Plans announced by Home Secretary Charles Clarke will provide every community in the country with its own dedicated neighbourhood policing team by 2008. Some 24,000 police community support officers will be appointed to put the plans into effect. By the Autumn of this year each of the 43 police forces will select one of their Basic Command Units to implement and champion neighbourhood policing and understand the best way of adapting it for their area. It is expected that half the country will have neighbourhood policing by the end of 2007 with full implementation by 2008.The focus on neighbourhood policing represents a shift from policing by consent to policing with co-operation. It is a hard edged strategy that recognises the importance of visible, accessible, responsive and intelligence-led policing to combat all crime, from nuisance neighbours to drug dealers. It relies on actively engaging local people, winning their hearts and minds and responding to their needs and concerns. It has brought success in the United States where cities have focused on low-level acts of disorder, and dealt with them before they create an environment in which the anti-social elements feel in control.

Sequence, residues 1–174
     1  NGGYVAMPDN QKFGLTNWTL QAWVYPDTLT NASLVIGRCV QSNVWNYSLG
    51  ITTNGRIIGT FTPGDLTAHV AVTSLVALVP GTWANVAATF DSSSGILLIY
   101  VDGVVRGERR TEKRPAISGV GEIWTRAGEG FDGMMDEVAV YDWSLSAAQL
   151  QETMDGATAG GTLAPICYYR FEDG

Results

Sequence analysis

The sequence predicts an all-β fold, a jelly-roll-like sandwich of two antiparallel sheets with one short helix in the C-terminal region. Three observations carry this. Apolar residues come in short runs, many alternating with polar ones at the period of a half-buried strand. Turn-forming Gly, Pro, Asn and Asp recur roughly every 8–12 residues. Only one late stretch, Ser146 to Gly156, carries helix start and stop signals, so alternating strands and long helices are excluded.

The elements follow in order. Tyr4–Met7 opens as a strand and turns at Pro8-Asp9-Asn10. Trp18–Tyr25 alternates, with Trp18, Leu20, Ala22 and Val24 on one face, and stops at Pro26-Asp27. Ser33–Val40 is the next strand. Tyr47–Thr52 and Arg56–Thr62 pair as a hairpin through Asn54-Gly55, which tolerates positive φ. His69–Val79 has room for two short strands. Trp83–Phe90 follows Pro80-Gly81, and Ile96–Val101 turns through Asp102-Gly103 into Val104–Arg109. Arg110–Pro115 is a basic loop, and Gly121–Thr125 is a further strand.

Neighbourhood policing teams made up of police community support officers, local wardens employed by councils and special constables, will support regular police constables in tackling crime and disorder and making streets, estates and villages around the country safer. Community involvement will ensure that people will have a real say in local policing issues and setting local priorities and they will know who their local police officers are and how to contact them.
The neighbourhood policing strategy has been developed following consultation by the Home Office. As well as 5000 responses from individuals, some 400 groups gave their views including police forces, police authorities, crime and disorder reduction partnerships, local Government, the Local Government Association, community and voluntary groups, the Association of Chief Police Officers, , the Association of Police Authorities, the Police Federation, Unison, and the Police Superintendents’ Association.
The Home Office neighbourhood policing booklet “Your Police; Your community; Our Commitment” is available on the Home Office police reform website www.policereform.gov.uk